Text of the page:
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Can Lighting Save Us From Ourselves . . . NO!


Where is lighting commentary headed?

Once upon a time, lighting magazines concentrated on things that I cared about; how light and space worked together, lighting techniques and how lighting technology could best serve the practicing designer. I fear, though, that we're seeing a shift in emphasis. I've written previously about the way that we, as a species, often prefer to go chasing rainbows rather than get down to the real business of making our mutual future secure.

And this time around the fantasy thinking came via a phone call from LUX magazine: would I be prepared to write a piece on How Lighting Can Save Us From Ourselves - no doubt thinking that my evangelical interest in Sustainability chimes with the adolescent thinking of Those Who Believe In Technological Progress.
Sorry to disappoint everyone . . .

Anyway: what I DID write was a piece on How Lighting Will Not Save Us From Ourselves. Here's the text:

Can lighting technology save us from ourselves?

Hmmm – what’s this all about? I feel a bit of deconstruction coming on.
LIGHTING TECHNOLOGY: with the entire lighting business falling into the maw of the electronics industry, I suspect that this is all about having chips with everything.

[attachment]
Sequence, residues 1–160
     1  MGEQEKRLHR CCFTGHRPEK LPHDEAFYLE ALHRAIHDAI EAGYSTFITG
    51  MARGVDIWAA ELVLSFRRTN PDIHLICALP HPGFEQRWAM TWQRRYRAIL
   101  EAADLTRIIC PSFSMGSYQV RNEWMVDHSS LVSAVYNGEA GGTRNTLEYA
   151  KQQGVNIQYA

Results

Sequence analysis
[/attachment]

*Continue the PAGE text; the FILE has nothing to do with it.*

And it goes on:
SAVE US: why, are we going somewhere? Oh yes, we’re racing headlong towards the cliff-edge of environmental disaster.
OURSELVES: and who might WE be, I wonder? How far do we spread our pernicious bonds; beyond our front door? our national boundary? our hegemonic boundaries? far enough to embrace humanity in general?
We need to decide on answers to these questions before the original poser makes any sense.

One of the stumbling blocks of working out our ‘sustainable future’ comes from the limitations we place on what ‘sustainability’ means . . . because, generally, A Sustainable Future means A Sustainable Future For Us. We choose not to see the whole picture and prefer to concentrate on the minutiae of our society. Naomi Klein (THIS CHANGES EVERYTHING: pub. Penguin) calls it ‘looking away’. Like - someone points out the global effects of our daily behaviour (eg: severe weather impacts of Climate Change) and rather than looking at it and facing the problem directly, we prefer to busy ourselves with the latest generation of stuff that might reduce our energy consumption at home. But, and be sure about this, we won’t look for anything that might restrict our behaviour in any way, or anything that is to our detriment (such as turning down a thermostat, walking to the shops or maybe even using LESS lighting).